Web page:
Superconductivity Exhibited by New Material with Room Temp Hopes

PORTLAND, Ore. — Today we have superconductors levitating trains for high-speed transportation, superconductors wired as ultra-sensitive sensors for MRI (magnetic resonance imaging) and superconducting coils powering ultra-strong electromagnets for beam steering in particle accelerators. However, if a room-temperature version of these superconductors — which today have to be ultra-cooled — could be found, then they could lower the power consumption and increase the capabilities of mobile devices almost immeasurably.

Superconductivity Exhibited by New Material with Room Temp Hopes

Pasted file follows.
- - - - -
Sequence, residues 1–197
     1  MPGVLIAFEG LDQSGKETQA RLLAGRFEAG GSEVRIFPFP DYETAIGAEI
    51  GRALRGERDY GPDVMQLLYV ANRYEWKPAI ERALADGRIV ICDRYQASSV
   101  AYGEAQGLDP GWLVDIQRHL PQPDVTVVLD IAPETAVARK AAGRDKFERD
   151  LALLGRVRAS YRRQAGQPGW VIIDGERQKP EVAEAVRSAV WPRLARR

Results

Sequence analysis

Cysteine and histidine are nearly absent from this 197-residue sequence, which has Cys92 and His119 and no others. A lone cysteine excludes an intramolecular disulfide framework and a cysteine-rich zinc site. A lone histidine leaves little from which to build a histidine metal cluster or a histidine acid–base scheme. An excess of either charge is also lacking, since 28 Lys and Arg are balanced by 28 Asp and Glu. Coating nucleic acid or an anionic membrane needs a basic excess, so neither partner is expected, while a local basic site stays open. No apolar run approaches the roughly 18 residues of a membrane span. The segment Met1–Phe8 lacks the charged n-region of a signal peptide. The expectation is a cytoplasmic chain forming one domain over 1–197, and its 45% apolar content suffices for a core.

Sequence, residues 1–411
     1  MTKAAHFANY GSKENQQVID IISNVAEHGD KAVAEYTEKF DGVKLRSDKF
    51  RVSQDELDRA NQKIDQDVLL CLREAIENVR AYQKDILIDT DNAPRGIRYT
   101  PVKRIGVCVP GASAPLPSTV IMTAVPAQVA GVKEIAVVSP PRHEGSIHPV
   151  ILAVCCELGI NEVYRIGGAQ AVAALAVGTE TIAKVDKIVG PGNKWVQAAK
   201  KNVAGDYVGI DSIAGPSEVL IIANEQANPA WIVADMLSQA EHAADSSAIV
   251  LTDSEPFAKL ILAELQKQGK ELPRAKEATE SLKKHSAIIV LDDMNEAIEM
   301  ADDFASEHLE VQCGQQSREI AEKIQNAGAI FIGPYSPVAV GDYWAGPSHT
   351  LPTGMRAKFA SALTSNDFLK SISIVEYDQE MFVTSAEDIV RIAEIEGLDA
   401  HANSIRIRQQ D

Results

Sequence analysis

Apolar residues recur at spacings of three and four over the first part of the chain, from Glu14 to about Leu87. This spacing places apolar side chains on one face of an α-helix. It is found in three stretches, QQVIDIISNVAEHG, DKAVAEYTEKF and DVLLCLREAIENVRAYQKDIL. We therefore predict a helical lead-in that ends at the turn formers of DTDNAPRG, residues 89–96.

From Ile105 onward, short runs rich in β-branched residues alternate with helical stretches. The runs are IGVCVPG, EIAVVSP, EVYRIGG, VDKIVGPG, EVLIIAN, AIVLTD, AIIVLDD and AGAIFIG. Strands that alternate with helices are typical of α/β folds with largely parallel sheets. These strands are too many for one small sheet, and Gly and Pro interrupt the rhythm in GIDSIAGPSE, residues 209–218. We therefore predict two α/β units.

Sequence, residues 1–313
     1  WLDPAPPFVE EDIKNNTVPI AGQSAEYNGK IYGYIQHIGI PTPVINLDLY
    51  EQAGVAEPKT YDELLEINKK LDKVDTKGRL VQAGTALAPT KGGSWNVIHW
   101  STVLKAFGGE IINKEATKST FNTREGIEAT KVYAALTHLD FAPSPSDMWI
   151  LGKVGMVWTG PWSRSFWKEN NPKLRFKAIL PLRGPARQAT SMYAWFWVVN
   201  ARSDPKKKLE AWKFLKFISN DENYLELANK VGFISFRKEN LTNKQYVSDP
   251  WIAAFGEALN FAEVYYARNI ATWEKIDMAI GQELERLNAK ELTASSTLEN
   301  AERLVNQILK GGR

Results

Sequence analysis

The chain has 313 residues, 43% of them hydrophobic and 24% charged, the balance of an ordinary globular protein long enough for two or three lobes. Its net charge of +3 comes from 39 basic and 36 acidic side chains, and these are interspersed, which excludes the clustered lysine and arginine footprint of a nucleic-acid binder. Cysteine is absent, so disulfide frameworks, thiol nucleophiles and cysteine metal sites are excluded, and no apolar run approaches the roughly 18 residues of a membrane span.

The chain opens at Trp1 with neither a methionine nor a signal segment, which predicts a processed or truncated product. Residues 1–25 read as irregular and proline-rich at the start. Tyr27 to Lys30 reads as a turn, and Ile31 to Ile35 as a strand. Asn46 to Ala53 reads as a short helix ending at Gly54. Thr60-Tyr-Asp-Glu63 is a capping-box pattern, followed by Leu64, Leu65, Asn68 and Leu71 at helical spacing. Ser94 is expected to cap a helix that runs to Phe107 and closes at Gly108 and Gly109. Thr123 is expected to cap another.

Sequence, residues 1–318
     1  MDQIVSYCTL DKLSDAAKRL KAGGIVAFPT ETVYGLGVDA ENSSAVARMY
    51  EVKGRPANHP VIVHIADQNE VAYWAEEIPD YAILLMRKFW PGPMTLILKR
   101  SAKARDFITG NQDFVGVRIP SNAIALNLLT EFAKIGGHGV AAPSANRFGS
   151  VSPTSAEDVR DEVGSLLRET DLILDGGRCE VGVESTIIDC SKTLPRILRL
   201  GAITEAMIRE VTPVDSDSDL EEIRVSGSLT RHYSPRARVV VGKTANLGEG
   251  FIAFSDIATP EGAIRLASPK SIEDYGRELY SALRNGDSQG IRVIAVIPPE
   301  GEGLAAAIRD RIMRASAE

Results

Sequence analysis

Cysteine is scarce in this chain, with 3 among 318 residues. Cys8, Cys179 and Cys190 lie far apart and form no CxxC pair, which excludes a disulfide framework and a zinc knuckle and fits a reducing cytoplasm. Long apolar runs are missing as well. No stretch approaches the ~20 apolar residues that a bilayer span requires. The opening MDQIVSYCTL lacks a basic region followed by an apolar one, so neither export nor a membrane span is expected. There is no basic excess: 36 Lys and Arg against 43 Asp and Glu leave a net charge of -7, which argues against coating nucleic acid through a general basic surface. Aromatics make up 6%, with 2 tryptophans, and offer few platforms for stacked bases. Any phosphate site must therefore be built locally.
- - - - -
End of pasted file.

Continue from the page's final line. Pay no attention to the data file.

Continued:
Researchers at Brookhaven National Laboratory have not solved the room-temperature superconductivity problem, but they have proven that a new material exhibits superconductivity in a new way, which they think may lead to cracking the secret to room-temperature superconductivity. Once understood, engineers will be able to create “designer” materials that are compatible with CMOS and yet superconduct at room temperature.

New material experiments prove superconductors have a second type of electron density distribution, called a nematic, that could lead to room-temperature operation. Top: Ripples extending down the chain of atoms break translational symmetry (like a checkerboard with black and white squares), which would cause extra spots in the diffraction pattern (shown as red dots in the underlying diffraction pattern). Bottom: Stretching along one direction breaks rotational symmetry but not translational symmetry (like a checkerboard with identical squares but stretched in one of the directions), causing no additional diffraction spots.
(Image: Brookhaven National Labs, Ben Frandsen)


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